Second, asbestos in vermiculite is rare in MA . The asbestos contaminated vermiculite came from Libby , Montana ,and very little of it came to MA . Most of the vermiculite in MA came from local mines .I have tested numerous samples of vermiculite and have only found asbestos in .04% of the samples.
    Third - Icynene has been around for over ten years and is hardly new.This product and others have been installed in rafter bays without venting for years and is code approved .
    Fourth - Every other observation you have on insulation is basically technically wrong.
    If you want to learn about building components consult an expert , Not a home inspector.


    Posted by REmaven November 14, 09 08:23 AM
  1. If you have vermiculite, you can gently scoop a half cup full into a plastic bag and send it to a lab for testing. They will be able to tell if it contains asbestos. I read that around half of vermiculite contains it, and half does not. It depends on which mine it came from.
    We tested ours when we bought our 1953 house, and it didn't contain any. If it does, you will need professionals to remove it if you want to do construction... or just leave it alone and don't mess around in your attic.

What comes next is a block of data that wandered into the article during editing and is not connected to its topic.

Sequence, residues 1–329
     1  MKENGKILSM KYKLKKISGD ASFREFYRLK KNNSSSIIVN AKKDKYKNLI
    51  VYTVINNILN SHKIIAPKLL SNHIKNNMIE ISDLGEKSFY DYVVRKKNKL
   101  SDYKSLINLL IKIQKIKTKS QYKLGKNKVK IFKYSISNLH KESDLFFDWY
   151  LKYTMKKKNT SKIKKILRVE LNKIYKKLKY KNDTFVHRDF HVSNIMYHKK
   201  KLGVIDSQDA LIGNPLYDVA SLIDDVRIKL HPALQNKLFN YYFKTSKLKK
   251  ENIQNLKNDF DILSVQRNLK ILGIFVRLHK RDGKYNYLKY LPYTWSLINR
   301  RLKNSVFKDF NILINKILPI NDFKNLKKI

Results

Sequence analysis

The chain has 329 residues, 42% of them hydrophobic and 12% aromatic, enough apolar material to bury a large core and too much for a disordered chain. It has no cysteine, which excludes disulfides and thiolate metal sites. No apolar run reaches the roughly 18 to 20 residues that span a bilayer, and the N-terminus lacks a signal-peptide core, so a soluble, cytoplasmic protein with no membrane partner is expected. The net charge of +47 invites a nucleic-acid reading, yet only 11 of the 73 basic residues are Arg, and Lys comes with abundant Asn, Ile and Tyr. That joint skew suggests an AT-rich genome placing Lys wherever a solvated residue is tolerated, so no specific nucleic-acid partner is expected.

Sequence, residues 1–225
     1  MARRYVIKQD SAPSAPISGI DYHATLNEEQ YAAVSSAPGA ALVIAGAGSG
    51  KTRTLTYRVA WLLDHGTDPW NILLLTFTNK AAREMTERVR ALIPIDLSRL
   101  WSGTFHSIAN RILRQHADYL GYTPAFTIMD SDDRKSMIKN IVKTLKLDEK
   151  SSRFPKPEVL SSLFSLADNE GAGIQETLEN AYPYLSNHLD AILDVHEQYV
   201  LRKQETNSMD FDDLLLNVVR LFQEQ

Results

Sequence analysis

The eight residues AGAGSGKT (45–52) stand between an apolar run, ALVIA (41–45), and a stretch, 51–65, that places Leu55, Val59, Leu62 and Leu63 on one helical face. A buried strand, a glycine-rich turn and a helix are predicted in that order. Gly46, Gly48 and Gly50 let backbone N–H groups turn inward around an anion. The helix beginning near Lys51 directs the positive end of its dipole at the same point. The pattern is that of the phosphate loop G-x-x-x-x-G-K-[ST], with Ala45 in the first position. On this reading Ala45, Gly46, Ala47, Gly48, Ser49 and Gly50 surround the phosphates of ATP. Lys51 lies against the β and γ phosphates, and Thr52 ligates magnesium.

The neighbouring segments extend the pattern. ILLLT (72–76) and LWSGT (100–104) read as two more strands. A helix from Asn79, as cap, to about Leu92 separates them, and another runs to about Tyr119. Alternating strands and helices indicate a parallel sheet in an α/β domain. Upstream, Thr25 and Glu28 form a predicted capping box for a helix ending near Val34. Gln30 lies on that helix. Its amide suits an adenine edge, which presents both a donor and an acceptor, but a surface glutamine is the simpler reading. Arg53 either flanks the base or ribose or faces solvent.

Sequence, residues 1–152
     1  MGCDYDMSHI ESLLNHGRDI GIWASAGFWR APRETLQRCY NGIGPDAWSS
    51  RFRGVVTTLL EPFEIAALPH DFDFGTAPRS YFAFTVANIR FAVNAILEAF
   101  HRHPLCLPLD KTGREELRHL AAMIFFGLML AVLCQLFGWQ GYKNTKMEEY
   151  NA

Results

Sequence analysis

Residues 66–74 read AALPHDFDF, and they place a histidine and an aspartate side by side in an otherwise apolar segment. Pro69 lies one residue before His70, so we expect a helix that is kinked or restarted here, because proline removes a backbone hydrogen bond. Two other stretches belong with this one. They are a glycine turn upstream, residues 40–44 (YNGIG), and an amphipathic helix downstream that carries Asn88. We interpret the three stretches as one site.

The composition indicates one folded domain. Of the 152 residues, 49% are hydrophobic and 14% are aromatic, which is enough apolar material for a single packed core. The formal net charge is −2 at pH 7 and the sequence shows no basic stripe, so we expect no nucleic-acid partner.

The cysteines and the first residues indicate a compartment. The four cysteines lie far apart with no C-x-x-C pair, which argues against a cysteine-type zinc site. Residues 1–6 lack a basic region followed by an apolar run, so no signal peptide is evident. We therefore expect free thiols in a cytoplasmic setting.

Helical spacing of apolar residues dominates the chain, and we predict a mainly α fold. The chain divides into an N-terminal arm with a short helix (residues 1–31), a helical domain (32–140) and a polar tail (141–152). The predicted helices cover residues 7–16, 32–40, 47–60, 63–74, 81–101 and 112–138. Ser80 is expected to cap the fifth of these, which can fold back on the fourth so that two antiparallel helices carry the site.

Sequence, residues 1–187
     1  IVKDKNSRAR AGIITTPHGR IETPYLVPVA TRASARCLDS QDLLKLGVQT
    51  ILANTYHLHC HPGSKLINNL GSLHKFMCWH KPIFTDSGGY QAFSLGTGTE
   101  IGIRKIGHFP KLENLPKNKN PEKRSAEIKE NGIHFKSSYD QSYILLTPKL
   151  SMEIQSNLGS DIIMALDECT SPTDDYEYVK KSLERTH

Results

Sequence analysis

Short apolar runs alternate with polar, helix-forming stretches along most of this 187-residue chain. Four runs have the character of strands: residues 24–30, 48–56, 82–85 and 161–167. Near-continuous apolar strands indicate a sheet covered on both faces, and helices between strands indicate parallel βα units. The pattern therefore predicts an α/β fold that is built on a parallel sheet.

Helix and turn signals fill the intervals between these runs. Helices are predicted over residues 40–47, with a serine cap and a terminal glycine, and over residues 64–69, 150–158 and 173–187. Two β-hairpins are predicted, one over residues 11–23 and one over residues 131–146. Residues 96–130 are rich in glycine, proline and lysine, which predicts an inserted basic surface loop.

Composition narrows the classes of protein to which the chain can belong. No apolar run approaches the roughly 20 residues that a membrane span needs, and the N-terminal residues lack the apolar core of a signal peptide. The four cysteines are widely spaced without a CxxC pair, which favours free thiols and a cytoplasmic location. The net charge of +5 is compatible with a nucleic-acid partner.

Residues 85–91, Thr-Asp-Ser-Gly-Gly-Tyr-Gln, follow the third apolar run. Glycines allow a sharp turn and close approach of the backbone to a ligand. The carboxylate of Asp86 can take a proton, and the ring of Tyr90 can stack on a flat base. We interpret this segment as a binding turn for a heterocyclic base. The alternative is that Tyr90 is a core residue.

Posted by Charlie November 14, 09 09:34 AM
  1. Icynene is great. Wouldn't call it new so much, I've used it for years.

    attics only need to be vented if they are vented attics (which traditionally they were). Its possible to design an attic which requires no venting (usually using spray foam, which btw comes in lots of flavors, separating into low density and high density). A properly designed non vented attic is arguably superior.

    I have to agree with REMaven, I find most home inspectors to know very little about what they are talking about. Granted they know more than most home buyers and real estate agents, but that's setting the bar pretty low. Unacceptably low for me.

    Posted by charles November 16, 09 01:11 PM
 
About boston real estate now
Scott Van Voorhis is a freelance writer who specializes in real estate and business issues.